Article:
The National Association for People Abused in Childhood’s (NAPAC) support line, the only national support line for adult survivors of child abuse in the UK, has been overwhelmed by demand since footballers bravely spoke about the abuse they suffered in childhood.

The charity, which has just 10 staff, has received over 10,000 call attempts to its support line in the past five weeks and took 654 calls over this period.

Gabrielle Shaw, NAPAC’s CEO said: “There is a desperate lack of publicly-funded support for adult survivors, so it is left to charities like ours to try to meet this huge increase in demand. We are able to offer excellent support to callers who manage to get through, but it’s just a fraction of what is needed. We can’t do more without proper long-term investment”.

“As a society, we failed to protect thousands of people in childhood. The least we can do now is ensure that when people have the courage to speak about what they suffered, they are able to access the support they need.”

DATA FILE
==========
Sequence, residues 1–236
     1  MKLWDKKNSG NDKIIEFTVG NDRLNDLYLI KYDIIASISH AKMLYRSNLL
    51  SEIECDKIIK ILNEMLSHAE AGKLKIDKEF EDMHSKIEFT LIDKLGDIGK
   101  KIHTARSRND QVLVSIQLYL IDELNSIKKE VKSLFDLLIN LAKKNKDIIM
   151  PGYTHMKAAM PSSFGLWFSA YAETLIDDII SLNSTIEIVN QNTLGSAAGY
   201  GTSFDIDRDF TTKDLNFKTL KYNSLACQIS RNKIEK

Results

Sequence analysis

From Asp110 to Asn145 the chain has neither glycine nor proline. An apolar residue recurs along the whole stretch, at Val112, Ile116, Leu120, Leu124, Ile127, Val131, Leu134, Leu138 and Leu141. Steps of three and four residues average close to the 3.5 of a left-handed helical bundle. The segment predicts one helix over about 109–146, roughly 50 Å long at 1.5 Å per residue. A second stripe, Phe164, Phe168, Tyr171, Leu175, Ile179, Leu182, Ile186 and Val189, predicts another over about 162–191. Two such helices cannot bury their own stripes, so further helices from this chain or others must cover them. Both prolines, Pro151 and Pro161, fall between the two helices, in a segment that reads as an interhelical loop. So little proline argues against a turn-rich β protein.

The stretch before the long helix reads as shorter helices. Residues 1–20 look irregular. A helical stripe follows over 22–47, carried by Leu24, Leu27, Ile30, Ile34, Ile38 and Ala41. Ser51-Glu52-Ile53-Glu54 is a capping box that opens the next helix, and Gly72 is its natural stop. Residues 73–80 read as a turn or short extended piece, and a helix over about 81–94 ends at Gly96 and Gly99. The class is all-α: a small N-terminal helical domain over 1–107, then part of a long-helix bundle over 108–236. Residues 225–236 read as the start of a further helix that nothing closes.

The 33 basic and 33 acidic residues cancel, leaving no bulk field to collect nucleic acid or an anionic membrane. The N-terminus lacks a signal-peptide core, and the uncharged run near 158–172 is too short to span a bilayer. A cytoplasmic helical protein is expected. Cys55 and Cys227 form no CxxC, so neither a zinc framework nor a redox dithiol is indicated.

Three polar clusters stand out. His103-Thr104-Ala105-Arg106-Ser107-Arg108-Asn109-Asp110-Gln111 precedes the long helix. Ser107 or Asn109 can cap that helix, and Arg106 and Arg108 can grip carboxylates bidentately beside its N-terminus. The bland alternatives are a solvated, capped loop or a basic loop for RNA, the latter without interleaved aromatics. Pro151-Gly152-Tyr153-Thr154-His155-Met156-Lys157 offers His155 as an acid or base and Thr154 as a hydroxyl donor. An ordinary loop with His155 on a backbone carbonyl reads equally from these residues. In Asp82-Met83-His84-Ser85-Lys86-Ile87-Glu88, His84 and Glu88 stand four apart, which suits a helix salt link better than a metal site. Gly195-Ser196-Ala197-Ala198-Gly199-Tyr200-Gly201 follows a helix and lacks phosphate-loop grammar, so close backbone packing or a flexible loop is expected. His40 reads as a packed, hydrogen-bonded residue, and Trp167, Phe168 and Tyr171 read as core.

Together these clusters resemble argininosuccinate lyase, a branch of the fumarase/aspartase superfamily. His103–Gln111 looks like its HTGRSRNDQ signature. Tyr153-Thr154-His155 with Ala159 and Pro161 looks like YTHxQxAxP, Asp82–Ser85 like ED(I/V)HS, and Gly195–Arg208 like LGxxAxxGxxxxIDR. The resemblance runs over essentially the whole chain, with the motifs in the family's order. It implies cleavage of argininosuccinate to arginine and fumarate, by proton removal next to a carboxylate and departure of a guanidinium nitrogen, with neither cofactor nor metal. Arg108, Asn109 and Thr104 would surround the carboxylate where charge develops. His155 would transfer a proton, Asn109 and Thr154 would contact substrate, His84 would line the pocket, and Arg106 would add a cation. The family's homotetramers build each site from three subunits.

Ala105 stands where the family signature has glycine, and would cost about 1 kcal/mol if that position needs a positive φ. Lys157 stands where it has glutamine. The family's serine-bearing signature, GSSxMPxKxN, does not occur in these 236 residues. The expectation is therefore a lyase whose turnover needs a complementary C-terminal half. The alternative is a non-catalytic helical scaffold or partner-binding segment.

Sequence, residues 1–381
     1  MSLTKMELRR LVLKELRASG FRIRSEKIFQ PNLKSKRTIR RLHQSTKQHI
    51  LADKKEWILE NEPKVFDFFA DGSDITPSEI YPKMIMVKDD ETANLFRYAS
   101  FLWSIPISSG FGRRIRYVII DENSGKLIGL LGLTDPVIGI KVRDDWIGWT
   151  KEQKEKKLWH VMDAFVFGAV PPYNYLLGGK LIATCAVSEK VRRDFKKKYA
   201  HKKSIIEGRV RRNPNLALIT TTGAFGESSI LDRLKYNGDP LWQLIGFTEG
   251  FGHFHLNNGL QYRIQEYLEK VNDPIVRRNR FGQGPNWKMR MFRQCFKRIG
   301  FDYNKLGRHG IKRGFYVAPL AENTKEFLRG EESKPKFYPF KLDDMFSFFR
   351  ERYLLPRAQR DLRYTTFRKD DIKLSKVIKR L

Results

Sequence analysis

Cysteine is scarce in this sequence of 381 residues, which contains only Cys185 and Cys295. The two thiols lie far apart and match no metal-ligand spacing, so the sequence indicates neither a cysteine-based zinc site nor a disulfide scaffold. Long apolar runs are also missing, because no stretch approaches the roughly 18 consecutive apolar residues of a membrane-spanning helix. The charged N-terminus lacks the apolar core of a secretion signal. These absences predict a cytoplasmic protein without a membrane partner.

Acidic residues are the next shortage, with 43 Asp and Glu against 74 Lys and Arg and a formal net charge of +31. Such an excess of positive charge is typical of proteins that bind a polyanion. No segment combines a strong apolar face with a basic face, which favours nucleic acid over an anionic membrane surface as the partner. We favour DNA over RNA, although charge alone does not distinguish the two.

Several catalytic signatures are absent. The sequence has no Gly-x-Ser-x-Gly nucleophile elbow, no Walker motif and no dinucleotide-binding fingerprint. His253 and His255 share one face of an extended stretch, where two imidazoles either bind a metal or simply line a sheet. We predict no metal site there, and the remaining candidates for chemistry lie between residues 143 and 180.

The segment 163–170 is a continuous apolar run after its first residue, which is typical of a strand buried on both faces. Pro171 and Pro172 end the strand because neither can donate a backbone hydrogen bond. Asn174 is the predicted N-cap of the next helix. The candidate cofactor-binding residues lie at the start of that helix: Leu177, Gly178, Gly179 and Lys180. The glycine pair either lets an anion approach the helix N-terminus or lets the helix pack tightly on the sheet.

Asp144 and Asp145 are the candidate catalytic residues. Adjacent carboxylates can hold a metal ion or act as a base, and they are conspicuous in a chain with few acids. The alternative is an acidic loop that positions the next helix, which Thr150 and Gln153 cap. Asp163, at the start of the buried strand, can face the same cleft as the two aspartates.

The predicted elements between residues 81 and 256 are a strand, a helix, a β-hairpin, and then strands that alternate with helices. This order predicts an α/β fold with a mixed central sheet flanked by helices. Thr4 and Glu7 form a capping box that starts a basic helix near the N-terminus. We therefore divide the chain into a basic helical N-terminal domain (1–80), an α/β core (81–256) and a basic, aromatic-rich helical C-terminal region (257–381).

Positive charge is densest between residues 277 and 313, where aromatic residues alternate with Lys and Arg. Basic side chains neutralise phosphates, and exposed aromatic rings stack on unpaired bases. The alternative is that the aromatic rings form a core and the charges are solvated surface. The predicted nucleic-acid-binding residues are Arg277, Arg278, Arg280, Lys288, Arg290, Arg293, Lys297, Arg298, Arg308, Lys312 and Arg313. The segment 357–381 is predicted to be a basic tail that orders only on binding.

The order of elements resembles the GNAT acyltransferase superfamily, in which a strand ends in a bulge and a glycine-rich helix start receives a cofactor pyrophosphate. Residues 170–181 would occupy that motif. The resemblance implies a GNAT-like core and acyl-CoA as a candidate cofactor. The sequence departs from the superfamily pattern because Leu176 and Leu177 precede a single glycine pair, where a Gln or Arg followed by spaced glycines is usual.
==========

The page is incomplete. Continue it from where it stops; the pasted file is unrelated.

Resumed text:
• There were 10,050 call attempts to NAPAC’s support line between 16 November – 20 December 2016

• NAPAC answered 654 calls over this period (6.5% of call attempts were answered)

• NAPAC’s telephone support line is currently funded by the Home Office (through grant funding supplied by the Ministry of Justice) until April 2017 and we are in discussions with them about potential future funding.

• 15% of callers to NAPAC’s support line are telling someone for the first time about what they suffered

• The FA/NSPCC football hotline has been referring adult survivors to NAPAC for emotional support

• NAPAC answered over 5,400 calls on its support line last year

• NAPAC has had over 14,000 new visitors (14,009) to our www.napac.org.uk website over the five weeks between 16 November – 20 December 2016

• There has been a tenfold increase in demand for NAPAC’s support groups, from 10 registrations per week to over 100 per week, because of media coverage about child abuse in football http://napac.org.uk/tenfold-increase-in-survivors-seeking-support/

• There is very little specialist support across the UK for adult survivors of childhood abuse. People often have to pay for private counselling.

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